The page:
Ashlee Vance, 08 Sep 2003
DVD it in many colours

Riding injury doesn't stop Dell from bashing Vendorix

Michael Dell did not let a mere leg wound stop him from attacking competitors during a Monday keynote at the OracleWorld conference. The Dell CEO hobbled onto stage with the aid of crutches after injuring an ankle in a recent horse riding accident. As always, Dell used simple terms to give the gory details of the incident. "I was riding a horse, and the horse slipped and fell, and, of course, if you are on a horse, and the horse falls, you usually fall," Dell told the OracleWorld attendees in San Francisco. "The horse fell on my leg, and it didn't feel too good, but I will be alright." It's easy for Dell to be brave. His company has weathered the downturn in IT spending with style. While larger players such as HP, Sun Microsystems and IBM struggle to keep their hardware businesses in the black, Dell has marched forward, stealing share and generating plenty of revenue. Dell was quick to point this out to the OracleWorld crowd. "Contrary to how I am looking today, we have never been on more solid footing as a company," he said. Dell dove into one of his usual rants about the need for industry standards. It's all about two and four processor servers, clusters, Windows, Linux, Oracle, Intel and EMC. The world is simple in the land of Dull, and he wants everyone to know it. Key to Dell's theory is the notion that all users will abandon Unix in favor of Linux and never need anything larger than a four processor server. "We see the whole world, as least the Unix world, going to Linux," he said. "I think for Unix customers Linux is where it's at." There is some sound reasoning backing this statement up. Intel servers do get more and more powerful as the years go by, and Linux is maturing. Why not link together a few small servers and replace that clunky SMP? The problem, however, with Dell's logic is that all of this is supposed to happen in the next two to three years. We hope the doctors checked for head wounds after the fall. Dell pays himself to be bullish in public, so his enthusiasm is understood, but the reality of the situation is that any mass migration off of Unix is going to take a long time. As proof that Dell's argument may not hold up quite as well as he hoped, we offer these questionable statements about the Unix vendors. "We like to think of them as dinosaurs," Dell said. "They can eat big truck loads of raw meat everyday, but this is not the answer." Huh? "There isn't really Unix," he said. "There is Vendorix. We don't see any traction with the proprietary Uni or Vendorix." Somebody call for help. He's rattled. The situation did not improve when one of the OracleWorld groupies asked Dell why his company doesn't sell 64bit machines. Dell does, of course, sell a system based on Intel's third generation Itanium processor. "Those are shipping now, and we would be happy to sell you as many as you like," he said. This reply really brought the chuckles out of the audience. It was, however, hard to tell if they were laughing at the questioner for being unaware of the systems or at Dell because his gig was up. It's a bit hard to beat the industry standard drum for forty minutes only to have some Oracle user bring up a product that almost no one in the industry has purchased. For the record, IDC shows Dell shipping a grand total of 14 Itanium-based servers in the first two quarters of this year. Add this to the tepid 9i RAC on Dell sales, and the cluster over SMP house of cards comes crashing down. After all, the big customer win video Dell showed for 9i RAC was the state of Louisiana that purchased a two-node cluster. Since when did a two-node cluster become something to brag about? The low-end push might be fine for a lot of customers out there, but rest assured there is a hell of a lot of demand for systems that require engineering know how. There is reason the Unix SMP market still generates billions. These systems have been proven to handle databases well for years and years. Try managing a cluster and then report back. Dell talks a good game, but sometimes it's only that - talk. Just because he sees some cowboys hop on a horse down in Texas doesn't mean Dell knows how to ride. ® Related Stories Itanium fends off Opteron for slowest selling chip crown Life support kicks in for server makers in Q2 Dell's big R&D bet - Solar Power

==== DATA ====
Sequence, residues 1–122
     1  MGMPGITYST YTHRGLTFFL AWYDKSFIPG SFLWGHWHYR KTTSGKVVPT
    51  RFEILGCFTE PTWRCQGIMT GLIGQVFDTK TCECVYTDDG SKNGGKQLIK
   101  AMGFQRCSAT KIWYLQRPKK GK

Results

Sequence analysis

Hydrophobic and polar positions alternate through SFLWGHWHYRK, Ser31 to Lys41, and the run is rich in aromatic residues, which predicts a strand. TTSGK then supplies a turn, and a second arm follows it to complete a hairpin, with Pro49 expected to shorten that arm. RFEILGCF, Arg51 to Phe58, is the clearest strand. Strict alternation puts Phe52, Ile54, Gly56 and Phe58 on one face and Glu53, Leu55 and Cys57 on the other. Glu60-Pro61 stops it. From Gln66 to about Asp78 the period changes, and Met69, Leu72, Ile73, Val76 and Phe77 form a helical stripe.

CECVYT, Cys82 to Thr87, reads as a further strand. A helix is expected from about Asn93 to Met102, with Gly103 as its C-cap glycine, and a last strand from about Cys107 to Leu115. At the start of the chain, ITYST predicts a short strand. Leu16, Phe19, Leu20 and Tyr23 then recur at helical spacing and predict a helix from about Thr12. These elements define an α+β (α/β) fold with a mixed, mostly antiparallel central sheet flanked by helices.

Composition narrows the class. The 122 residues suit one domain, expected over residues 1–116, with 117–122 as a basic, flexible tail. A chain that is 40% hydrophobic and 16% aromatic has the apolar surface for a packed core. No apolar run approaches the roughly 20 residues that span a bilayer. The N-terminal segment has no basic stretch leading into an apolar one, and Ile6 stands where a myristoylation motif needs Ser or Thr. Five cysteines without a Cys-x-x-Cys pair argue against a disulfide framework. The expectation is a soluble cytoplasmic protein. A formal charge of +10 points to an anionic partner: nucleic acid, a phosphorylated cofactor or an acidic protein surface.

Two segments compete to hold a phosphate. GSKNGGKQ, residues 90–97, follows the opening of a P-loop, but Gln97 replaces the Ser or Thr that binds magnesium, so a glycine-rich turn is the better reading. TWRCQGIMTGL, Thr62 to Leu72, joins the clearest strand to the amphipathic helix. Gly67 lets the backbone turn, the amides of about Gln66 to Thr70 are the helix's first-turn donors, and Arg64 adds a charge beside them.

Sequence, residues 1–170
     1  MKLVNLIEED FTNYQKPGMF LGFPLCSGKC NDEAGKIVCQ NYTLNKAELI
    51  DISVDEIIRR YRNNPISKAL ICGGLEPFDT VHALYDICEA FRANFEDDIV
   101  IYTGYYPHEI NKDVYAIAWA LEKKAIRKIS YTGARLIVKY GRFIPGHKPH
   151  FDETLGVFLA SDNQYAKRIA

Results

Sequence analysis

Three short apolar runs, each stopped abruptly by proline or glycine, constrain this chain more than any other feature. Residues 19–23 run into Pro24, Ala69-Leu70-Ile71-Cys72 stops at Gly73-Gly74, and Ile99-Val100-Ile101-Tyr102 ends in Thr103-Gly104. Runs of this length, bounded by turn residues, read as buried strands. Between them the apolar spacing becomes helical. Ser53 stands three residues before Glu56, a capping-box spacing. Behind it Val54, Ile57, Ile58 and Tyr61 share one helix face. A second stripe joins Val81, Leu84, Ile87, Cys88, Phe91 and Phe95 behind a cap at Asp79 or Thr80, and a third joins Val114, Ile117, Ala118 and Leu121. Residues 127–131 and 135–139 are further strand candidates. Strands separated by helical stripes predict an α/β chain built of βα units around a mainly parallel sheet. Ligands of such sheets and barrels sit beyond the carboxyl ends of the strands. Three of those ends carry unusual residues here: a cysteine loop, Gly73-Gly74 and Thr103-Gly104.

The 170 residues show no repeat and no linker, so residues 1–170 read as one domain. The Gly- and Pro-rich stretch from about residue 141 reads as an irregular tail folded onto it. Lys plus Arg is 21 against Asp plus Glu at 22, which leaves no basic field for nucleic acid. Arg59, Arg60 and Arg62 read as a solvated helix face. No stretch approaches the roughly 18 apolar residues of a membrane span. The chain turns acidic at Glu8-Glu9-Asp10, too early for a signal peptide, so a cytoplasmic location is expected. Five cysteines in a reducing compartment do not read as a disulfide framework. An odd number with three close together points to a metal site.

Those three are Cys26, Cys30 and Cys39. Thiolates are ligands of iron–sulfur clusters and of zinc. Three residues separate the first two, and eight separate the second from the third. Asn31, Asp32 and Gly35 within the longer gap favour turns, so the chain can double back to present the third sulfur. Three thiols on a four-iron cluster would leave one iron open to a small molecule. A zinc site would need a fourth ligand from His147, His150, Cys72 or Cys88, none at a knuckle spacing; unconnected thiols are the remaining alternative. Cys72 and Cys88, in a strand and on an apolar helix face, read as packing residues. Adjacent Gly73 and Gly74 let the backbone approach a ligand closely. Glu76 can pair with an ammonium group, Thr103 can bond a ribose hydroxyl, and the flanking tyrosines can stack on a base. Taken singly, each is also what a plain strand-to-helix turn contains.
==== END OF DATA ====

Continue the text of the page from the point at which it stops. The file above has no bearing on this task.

Ashlee Vance, 08 Sep 2003